Bloggers, internet publishers, and broadcasters have until October 5 to seek permits from the Uganda Communications Commission (UCC) in new regulations that tighten State control on the dissemination of information.
“All persons currently offering or planning to commence the provision of online data communication and broadcasting services including but not limited to blogs, online television, radios, online newspapers, audio over Internet Protocol (AoIP), Internet Portal TV, Video on Demand digital audio radios and television, internet/ web radio and internet/web television, to obtain authorisation from UCC before providing such services to the public,” the statement released on Monday by the regulator reads.
“If your social media page is used to transmitting sound, video or data intended for simultaneous reception by the public (broadcasting) and by data, we mean electronic representation of information in any form including audiovisual, you need authorisation as a data communicator,” added UCC.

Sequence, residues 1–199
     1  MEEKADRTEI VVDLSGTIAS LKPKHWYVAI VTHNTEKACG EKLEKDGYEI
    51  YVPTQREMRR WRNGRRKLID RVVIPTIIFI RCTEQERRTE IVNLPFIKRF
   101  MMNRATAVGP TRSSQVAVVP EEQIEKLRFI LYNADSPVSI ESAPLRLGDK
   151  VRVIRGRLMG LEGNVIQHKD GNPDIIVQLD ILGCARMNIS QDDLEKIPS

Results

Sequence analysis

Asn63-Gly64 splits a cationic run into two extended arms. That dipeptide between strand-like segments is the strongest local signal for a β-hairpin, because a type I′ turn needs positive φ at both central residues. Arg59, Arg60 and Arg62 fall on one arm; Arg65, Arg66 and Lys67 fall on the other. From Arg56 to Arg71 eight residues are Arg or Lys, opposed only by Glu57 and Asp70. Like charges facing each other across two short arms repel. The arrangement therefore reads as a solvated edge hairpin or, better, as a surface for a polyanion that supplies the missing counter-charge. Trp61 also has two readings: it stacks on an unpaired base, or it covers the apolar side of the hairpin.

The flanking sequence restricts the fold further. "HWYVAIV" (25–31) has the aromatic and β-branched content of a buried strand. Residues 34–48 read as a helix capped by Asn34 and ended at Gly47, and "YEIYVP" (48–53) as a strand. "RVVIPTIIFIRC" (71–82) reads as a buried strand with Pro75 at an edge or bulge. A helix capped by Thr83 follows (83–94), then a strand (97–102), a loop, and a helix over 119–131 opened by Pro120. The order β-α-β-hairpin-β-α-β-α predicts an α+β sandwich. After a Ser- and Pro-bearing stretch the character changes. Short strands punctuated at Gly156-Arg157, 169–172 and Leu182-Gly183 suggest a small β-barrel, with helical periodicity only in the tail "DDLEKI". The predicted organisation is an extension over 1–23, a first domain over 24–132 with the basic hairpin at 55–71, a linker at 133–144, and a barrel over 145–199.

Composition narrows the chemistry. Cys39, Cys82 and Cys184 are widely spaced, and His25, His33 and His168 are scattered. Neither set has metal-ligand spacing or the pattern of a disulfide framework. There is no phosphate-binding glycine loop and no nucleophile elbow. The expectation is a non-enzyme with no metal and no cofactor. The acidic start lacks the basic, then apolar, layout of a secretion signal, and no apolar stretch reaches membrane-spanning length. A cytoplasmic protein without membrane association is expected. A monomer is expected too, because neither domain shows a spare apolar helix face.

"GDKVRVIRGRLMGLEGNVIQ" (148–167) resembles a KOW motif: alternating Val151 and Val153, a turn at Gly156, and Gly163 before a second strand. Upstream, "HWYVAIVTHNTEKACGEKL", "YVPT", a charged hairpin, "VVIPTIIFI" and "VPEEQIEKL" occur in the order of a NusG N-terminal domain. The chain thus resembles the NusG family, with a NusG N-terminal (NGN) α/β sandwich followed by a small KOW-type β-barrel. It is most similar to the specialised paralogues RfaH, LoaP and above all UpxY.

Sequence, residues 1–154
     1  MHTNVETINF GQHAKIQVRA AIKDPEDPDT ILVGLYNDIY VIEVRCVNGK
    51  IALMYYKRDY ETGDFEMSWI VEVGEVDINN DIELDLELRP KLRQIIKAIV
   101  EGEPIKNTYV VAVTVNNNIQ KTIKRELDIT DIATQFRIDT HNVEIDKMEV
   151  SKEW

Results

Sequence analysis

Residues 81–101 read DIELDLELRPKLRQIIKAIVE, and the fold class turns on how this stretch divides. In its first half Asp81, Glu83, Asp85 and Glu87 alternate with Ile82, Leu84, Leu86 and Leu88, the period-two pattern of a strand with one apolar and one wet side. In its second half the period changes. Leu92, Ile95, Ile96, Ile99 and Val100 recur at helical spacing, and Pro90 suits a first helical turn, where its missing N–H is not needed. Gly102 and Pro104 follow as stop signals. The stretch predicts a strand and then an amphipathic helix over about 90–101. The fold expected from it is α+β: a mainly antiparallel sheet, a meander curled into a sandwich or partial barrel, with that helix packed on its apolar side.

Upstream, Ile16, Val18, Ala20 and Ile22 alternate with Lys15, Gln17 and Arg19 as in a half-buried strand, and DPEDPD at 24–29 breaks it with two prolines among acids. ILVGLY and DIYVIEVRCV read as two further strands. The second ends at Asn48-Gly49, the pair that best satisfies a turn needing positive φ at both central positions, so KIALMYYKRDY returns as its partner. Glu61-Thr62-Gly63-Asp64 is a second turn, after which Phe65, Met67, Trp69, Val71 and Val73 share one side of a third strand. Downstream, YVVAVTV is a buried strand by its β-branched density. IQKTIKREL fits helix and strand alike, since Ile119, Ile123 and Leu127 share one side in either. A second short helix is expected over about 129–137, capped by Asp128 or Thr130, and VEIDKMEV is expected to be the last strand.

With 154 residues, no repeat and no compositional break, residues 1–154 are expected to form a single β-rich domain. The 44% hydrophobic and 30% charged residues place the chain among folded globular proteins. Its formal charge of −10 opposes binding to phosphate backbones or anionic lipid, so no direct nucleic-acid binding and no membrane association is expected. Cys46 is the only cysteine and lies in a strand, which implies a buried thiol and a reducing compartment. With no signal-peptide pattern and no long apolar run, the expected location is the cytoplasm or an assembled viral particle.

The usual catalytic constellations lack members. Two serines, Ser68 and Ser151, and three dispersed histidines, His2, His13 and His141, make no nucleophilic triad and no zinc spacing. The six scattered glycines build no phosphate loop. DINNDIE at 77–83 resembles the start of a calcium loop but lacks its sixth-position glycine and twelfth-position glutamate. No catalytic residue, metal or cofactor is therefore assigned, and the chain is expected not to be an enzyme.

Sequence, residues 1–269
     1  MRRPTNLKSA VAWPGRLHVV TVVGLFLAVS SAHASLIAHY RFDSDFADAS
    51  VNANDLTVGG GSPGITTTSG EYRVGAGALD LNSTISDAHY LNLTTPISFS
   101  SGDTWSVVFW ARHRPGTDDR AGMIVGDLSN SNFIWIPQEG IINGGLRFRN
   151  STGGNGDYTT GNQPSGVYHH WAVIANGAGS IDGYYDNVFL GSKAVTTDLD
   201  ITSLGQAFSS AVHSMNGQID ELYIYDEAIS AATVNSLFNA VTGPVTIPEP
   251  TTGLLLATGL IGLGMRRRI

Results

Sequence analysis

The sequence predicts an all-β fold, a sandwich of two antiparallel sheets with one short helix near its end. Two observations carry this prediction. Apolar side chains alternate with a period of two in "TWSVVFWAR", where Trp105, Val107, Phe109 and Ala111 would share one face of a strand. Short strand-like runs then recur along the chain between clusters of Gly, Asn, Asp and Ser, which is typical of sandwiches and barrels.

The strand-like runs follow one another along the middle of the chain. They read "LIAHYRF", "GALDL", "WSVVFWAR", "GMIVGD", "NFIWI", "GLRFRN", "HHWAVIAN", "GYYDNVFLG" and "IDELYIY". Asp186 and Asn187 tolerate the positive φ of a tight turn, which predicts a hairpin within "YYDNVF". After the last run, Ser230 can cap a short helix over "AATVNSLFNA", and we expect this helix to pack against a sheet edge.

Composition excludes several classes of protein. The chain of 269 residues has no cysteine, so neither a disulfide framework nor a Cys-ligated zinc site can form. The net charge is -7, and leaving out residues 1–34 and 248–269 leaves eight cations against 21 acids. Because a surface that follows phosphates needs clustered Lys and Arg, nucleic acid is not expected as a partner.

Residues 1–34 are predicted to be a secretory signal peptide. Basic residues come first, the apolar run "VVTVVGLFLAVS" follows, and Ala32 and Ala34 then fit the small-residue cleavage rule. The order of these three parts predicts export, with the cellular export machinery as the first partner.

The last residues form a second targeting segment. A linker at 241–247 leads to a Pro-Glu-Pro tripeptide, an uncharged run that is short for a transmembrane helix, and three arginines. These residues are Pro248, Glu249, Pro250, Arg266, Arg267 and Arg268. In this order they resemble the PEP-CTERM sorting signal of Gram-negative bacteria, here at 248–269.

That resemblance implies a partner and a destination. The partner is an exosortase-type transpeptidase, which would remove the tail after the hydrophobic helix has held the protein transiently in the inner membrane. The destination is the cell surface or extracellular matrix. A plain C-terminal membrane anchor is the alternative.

Ugandans have criticised the new directive coming at a time the country is headed for a general election in February next year with campaigns having kicked off, though unofficial.
Due to the COVID-19 pandemic, the electoral body has directed that political parties conduct “scientific campaigns” online, through the media and other non-contact means as a preventive measure to stop the spread of Coronavirus.
“One buys data to use the internet, then pays OTT [over-the-top tax] to use social media, and now one has to pay to post on social media? Why introduce this tax in a situation of digital campaigns?” Narith, a Twitter posed.
Ivan Bwowe, a lawyer and human rights activist, has warned that the directive infringes on the constitutional right to freedom of expression and communication.